October 2020

Tips: Driving in the dark

According to studies from Royal Society for the Prevention of Accidents, when the clocks go back at the end of October there is a spike in the number of deaths on the roads.

The deteriorating light conditions, icier roads, dirtier windscreens and human nature seem to have an impact on risk for some road users.

Here are 5 things you can do to switch your brain over to safe, as we drive into the challenges of the Autumn.

1) Check your lights

It’s illegal to drive on public roads without fully functioning front and rear headlights, as well as brake, reverse and indicator lights.

Now is a good time to check all your lights are operating correctly, and replace any bulbs that have blown.

2) Plan extra time to demist your windscreen

We’ve all seen those cars coming towards us with a tiny clear space at the bottom of a misted up windscreen, and the driver contorted over the steering wheel peering out of it. Don’t be that person!

Take an extra 3-5 minutes before you set off to ensure your screen is completely clear.

Top tip: start your heater off on the cold setting and gradually increase the temperature. This prevents too much damp air being pumped into the cabin, which is what condenses on the windscreen and actually contributes to it misting up!

Weird Tip: Try cleaning the inside of your windscreen with shaving foam. Place a squirt of it on a clean towel and wipe it all over the screen, then wipe it off again with another clean towel. It’s a technique that some ice hockey players use to keep their masks from steaming up.

Although it doesn’t keep working forever, if it saves you a few minutes each morning it could be worth adding in to your weekend rituals.

3) Pay attention!

Driving in low light conditions or dark takes more mental effort than on bright sunny afternoons. Peripheral vision is reduced, depth perception is compromised and it’s harder to distinguish colours.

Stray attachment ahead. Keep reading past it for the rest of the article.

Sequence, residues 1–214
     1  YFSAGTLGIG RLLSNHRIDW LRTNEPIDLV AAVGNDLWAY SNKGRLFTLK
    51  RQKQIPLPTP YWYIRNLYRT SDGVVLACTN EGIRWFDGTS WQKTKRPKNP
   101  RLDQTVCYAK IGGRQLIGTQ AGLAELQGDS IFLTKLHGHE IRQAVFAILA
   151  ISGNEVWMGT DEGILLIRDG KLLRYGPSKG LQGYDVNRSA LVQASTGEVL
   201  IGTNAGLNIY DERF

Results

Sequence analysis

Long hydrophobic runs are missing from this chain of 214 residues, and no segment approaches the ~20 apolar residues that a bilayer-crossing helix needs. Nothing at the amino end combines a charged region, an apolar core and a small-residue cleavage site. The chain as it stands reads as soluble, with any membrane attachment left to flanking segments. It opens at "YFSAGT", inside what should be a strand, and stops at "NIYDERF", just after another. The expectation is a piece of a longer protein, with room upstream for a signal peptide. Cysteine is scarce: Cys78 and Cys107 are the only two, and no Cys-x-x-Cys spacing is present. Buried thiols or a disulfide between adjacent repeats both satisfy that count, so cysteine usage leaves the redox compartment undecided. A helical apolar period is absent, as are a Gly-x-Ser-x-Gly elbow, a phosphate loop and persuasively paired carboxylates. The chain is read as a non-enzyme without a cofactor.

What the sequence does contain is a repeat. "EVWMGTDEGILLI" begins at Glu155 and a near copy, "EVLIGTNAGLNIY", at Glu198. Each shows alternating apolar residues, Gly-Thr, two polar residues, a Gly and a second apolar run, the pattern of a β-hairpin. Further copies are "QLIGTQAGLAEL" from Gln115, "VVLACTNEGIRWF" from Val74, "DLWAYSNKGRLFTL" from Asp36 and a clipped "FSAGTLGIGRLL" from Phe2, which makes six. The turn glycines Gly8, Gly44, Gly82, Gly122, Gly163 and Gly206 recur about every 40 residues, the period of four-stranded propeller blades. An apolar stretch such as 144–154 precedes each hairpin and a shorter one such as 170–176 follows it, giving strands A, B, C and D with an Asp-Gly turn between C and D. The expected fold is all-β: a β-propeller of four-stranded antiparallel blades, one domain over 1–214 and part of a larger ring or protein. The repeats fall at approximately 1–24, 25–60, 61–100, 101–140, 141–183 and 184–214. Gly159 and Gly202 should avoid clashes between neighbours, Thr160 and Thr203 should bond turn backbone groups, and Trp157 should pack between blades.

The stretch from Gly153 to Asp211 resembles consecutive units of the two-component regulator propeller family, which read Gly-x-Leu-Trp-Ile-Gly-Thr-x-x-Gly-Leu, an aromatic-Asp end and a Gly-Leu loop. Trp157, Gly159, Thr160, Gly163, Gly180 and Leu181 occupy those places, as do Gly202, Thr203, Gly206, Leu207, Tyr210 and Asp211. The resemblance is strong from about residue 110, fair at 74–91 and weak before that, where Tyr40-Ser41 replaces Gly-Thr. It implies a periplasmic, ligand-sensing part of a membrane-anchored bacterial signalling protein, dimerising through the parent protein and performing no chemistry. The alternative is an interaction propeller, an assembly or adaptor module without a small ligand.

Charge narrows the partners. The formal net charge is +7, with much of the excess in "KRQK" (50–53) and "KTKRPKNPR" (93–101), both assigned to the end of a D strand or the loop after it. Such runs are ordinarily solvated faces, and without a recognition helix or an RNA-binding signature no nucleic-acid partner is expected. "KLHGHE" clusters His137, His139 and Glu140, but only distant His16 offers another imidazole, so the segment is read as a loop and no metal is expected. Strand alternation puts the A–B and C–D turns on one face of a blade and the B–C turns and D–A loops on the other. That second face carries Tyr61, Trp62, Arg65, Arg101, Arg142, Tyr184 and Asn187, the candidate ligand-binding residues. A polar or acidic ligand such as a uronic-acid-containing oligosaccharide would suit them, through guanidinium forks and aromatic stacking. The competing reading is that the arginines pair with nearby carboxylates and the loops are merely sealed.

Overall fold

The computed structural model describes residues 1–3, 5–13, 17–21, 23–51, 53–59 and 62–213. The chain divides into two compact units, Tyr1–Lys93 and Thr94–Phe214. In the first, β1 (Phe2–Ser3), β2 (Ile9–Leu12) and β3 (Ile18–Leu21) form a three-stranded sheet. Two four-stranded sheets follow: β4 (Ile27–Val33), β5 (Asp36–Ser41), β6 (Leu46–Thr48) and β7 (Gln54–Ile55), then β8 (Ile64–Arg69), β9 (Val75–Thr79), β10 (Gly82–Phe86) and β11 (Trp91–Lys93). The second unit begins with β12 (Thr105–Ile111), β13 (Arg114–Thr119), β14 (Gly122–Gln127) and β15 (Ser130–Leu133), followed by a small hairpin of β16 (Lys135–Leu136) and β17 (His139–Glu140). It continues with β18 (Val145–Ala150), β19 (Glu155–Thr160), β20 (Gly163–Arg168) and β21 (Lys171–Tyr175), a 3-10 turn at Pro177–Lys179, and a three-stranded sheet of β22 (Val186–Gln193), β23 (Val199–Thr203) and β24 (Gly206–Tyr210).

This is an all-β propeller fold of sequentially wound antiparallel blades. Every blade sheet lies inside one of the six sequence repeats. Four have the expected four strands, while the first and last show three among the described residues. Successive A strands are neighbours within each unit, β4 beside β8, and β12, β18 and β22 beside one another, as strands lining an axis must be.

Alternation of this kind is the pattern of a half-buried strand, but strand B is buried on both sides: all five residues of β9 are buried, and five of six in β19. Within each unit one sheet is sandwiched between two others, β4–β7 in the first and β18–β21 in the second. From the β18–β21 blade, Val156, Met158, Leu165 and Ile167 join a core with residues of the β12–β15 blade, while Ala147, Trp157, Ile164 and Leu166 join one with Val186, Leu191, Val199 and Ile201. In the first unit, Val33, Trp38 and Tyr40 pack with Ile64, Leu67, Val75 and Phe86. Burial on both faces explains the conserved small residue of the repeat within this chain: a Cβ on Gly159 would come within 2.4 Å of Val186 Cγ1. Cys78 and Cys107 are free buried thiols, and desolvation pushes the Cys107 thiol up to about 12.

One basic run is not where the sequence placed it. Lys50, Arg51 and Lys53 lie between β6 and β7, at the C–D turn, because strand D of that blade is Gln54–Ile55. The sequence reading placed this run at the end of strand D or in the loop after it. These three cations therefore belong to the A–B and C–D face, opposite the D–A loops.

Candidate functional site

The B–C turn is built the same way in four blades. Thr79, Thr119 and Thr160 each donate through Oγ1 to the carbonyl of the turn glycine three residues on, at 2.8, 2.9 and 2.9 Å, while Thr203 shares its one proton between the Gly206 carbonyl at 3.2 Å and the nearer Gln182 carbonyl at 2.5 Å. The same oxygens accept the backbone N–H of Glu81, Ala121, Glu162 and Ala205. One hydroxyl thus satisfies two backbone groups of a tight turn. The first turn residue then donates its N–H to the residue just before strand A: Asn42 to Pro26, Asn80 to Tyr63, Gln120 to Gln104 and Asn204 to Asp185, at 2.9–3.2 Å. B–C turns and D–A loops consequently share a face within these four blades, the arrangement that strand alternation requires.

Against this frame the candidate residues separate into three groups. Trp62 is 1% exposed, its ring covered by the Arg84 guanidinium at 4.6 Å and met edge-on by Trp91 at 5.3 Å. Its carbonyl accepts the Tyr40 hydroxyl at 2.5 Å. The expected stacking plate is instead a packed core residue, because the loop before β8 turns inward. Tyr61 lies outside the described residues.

All of this makes it more tiring and increases the chances of making a mistake.

It also increases the chances of other motorists making mistakes, which is why we really need to be paying extra attention.

4) Lower the dashboard light

Despite what your parents may have told you, it’s not actually illegal to drive with the interior lights on (ssshhhh… don’t tell your kids that!). It is however far more distracting, as it makes it harder to see outside when it’s dark.

The same is true for the dashboard lights, and so find the setting to turn down the intensity if it’s possible to do so. You may find that this increases the contrast between the inside of the cabin and outside on the road, which makes it easier to spot hazards and concentrate properly.

5) Watch out for non-vehicular road users

It’s not just drivers who are at greater risk of accidents when road and light conditions change. Pedestrians, animals and cyclists are also much more vulnerable and we need to be extra vigilant for them too.

Although cyclists should be wearing high visibility clothing and lighting… but they won’t always. Children should be paying attention when they’re trudging towards or skipping home from school… but they won’t always. Animals should stick to their fields and forests, or at least wait for a gap in the traffic before trying to cross a busy road… but they won’t always.

All all times - but especially when now as we start to get used to the new road conditions - we need to expect the unexpected.

If your car isn’t due an MOT or service just yet, but you still want to have the peace of mind that it’s fully road-worthy and winter-ready, drop us a line and we can arrange a complimentary Winter Health Check.